appointed auditor. Auditor's tenth report filed. Pending. 

Boston, Mayor and Aldermen of, petitioners. Petition for 
abolition of Freeport, Adams, Park, Mill and Walnut 
streets and Dorchester Avenue crossings. James R. 
Dunbar, Samuel L. Powers and Thomas W. Proctor ap- 
pointed commissioners. Commissioners' report filed. 
Arthur H. Wellman appointed auditor. Auditor's twenty- 
second report filed. Pending. 

Boston, Mayor and Aldermen of, petitioners. Petition for 
abolition of crossings at Saratoga, Maverick and Marginal 
streets in East Boston. Railroad Commissioners ap- 
pointed commissioners. Commissioners' report filed. 
Robert O. Harris appointed auditor. Auditor's second 
report filed. Pending. 

Boston. New York, New Haven & Hartford Railroad Com- 
pany, petitioner. Petition for abolition of grade crossing 
at West First Street. William B. Thompson, Philip 
Nichols and H. Heustis Newton appointed commis- 
sioners. Commissioners' report filed. Pending. 

Revere, Selectmen of, petitioners. Petition for abolition of 
Winthrop Avenue crossing in Revere of the Boston, 
Revere Beach & Lynn Railroad. Pending. 

Worcester Comity. 

Clinton, Selectmen of, petitioners. Petition for abolition of 
Sterling, Water, Main, High and Woodlawn streets cross- 
ings. George W. W'iggin, William E. McClintock and 
James A. Stiles appointed commissioners. Commissioners' 
report filed. David F. Slade appointed auditor. Frederic 
B. Greenhalge appointed auditor in place of David F. 
Slade deceased. Auditor's thirteenth report filed. Pend- 
ing. 

Harvard. Boston & Maine Railroad, petitioner. Petition for 
abolition of a grade crossing near Harvard station. 
Pending. 



138 ATTORNEY-GENERAL'S REPORT. [Jan. 

Hubbardston, Selectmen of, petitioners. Petition for abolition 
of Depot Road crossing in Hubbardston. Pending. 

Leominster, Selectmen of, petitioners. Petition for abolition of 
'Water, Summer, Mechanic and Main streets crossings. 
George W. Wiggin, George F. Swain and Charles D. 
Barnes appointed commissioners. Commissioners' report 
filed. Recommitted. Pending. 

Southborough, Selectmen of, petitioners. Petition for aboli- 
tion of crossing on road from Southborough to Framing-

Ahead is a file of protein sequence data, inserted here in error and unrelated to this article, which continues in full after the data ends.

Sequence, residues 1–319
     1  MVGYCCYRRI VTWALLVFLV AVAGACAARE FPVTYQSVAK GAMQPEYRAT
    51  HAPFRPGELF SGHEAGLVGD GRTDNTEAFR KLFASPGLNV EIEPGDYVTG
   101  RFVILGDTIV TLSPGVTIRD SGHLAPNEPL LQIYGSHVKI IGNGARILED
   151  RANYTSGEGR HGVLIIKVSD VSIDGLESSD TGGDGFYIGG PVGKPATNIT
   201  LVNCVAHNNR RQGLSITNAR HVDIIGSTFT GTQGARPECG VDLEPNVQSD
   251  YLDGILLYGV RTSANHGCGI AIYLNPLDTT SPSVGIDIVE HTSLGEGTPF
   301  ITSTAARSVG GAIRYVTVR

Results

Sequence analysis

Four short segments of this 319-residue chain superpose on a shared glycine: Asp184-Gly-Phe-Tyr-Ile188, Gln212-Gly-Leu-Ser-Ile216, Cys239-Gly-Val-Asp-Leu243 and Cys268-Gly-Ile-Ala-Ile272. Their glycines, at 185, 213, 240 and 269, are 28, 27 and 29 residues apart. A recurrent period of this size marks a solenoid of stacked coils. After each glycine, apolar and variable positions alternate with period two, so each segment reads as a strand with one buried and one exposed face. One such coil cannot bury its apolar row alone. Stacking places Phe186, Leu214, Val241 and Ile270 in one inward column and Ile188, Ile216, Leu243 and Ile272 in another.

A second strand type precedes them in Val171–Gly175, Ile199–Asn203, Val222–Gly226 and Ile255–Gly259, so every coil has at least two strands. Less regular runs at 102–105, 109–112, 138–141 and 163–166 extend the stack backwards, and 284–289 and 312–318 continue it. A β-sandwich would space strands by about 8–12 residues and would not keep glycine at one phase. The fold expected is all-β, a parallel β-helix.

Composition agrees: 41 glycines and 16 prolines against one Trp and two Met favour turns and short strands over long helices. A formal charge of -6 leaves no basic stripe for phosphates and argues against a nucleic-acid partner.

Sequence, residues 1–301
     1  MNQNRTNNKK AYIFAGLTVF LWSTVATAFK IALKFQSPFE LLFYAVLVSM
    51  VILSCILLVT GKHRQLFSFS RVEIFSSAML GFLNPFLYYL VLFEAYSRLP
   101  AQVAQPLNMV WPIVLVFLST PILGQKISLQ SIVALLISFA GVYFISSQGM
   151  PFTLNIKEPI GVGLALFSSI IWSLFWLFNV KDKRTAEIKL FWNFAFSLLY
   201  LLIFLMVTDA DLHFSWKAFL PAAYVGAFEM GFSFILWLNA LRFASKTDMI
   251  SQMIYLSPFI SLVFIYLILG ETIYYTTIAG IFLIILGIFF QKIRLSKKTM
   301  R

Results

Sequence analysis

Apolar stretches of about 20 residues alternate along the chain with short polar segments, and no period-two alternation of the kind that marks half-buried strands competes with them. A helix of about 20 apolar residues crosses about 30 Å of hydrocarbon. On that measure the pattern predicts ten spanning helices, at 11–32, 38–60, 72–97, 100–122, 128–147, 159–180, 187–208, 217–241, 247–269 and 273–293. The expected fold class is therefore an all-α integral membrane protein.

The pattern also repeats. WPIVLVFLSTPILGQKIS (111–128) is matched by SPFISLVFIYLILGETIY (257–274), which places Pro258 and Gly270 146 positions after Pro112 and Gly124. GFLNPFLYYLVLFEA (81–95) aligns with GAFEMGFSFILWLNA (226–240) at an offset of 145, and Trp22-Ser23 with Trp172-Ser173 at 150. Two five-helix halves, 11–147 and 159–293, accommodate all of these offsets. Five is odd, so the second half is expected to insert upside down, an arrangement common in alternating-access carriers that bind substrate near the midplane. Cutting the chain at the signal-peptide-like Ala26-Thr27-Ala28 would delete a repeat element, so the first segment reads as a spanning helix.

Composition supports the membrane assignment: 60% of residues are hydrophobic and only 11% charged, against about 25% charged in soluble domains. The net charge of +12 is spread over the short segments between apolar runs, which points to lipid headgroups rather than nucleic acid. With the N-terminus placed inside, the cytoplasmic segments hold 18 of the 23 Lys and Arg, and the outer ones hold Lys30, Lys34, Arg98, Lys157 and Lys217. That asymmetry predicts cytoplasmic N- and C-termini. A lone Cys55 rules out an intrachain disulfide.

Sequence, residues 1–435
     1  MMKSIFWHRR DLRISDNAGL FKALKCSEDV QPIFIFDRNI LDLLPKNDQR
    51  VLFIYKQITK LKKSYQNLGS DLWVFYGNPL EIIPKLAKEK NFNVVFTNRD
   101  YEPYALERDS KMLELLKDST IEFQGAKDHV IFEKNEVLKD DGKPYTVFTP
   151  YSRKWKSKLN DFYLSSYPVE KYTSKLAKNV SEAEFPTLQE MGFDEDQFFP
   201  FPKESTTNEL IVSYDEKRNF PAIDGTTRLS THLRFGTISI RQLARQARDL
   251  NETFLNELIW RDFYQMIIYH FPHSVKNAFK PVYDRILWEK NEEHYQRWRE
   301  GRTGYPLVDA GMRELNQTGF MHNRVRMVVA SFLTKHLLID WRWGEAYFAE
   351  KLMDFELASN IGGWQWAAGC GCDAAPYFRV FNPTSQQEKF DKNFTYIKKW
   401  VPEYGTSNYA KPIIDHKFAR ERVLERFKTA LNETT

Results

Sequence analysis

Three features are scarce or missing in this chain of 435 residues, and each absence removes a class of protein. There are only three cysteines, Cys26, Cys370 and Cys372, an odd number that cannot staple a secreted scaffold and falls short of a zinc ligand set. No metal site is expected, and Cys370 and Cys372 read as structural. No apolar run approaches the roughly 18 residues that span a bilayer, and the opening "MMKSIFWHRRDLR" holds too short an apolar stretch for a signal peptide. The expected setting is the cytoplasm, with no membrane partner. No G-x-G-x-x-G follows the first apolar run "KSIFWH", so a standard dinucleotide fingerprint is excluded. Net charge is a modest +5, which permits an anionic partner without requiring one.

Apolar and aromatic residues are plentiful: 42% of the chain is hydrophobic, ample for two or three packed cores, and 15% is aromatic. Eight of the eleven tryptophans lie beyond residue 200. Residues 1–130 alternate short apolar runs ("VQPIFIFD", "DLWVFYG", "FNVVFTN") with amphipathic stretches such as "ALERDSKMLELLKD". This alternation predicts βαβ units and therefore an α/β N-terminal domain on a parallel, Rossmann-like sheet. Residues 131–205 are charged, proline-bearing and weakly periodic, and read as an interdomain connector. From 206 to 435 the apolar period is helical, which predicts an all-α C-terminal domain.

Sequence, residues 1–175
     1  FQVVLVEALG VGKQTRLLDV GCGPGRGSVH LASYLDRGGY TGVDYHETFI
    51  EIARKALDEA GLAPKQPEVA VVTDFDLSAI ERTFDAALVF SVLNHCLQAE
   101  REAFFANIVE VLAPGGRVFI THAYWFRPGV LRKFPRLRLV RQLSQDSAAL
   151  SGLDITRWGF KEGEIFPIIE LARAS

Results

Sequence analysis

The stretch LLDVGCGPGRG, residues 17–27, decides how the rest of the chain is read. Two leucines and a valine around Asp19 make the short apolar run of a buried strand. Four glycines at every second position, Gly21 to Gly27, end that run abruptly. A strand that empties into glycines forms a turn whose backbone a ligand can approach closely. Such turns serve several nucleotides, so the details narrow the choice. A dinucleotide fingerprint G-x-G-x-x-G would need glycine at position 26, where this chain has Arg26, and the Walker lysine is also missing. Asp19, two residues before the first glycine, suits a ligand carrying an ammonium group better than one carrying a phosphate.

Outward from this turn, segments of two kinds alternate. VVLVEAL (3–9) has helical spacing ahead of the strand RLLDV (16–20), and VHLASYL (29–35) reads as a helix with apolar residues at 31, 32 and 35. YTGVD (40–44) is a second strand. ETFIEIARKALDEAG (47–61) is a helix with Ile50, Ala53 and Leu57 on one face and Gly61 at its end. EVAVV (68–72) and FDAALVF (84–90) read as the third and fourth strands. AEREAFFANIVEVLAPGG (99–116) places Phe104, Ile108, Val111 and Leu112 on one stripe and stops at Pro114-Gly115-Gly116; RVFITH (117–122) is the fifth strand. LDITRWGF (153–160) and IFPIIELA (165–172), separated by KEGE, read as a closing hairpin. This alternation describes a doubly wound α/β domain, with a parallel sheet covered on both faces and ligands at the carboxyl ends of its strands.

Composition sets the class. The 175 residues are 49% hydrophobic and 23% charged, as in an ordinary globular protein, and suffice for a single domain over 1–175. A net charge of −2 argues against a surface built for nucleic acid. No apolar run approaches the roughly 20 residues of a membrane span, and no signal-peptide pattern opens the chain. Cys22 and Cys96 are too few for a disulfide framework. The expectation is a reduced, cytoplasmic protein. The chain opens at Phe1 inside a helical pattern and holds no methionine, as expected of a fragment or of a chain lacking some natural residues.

ham. A. W. DeGoosh, Louis A. Frothingham and 
Eugene C. Hultman appointed commissioners. Com- 
missioners' report filed and recommitted. Pending. 

Southborough, Selectmen of, petitioners. Petition for aboli- 
tion of Main Street crossing at Fayville in Southborough. 
Pending. 

Southbridge, Selectmen of, petitioners. Petition for abolition 
of grade crossings at Foster, Central and Hook streets. 
George F. Swain, P. H. Cooney and William F. Garcelon 
appointed commissioners. Commissioners' report filed. 
Pending. 

"Webster, Selectmen of, petitioners. Petition for abolition of 
grade crossing at Main Street. Pending. 

West Boylston. Boston & Maine Railroad Company, peti- 
tioners. Petition for abolition of Prescott Street crossing. 
Pending. 

Worcester, Mayor and Aldermen of, petitioners. Petition for 
abolition of crossings at Exchange, Central and Thomas 
and other streets. Arthur Lord, George F. Swain and 
Fred Joy appointed commissioners. Pending. 

Worcester, Mayor and Aldermen of, petitioners. Petition for 
abolition of Grafton Street crossing and eight other cross- 
ings, including alterations of Union Station. James R. 
Dunbar, James H. Flint and George F. Swain appointed 
commissioners. Commissioners' report filed. James A. 
Stiles appointed auditor. Auditor's seventy-third report 
filed. Pending. 



1919.1 PUBLIC DOCUMENT — No. 12. 139 



BULES OF PRACTICE 

In Interstate Rendition. 



Every application to the Governor for a requisition upon the 
executive authority of any other State or Territory, for the de- 
livery up and return of any offender who has fled from the 
justice of this Commonwealth, must be made by the district or 
prosecuting attorney for the county or district in which the 
offence was committed, and must be in duplicate original 
papers, or certified copies thereof. 

The following must appear by the certificate of the district 
or prosecuting attorney: — 

(a) The full name of the person for whom extradition is 
asked, together with the name of the agent proposed, to be 
properly spelled. 

(b) That, in his opinion, the ends of public justice require 
that the alleged criminal be brought to this Commonwealth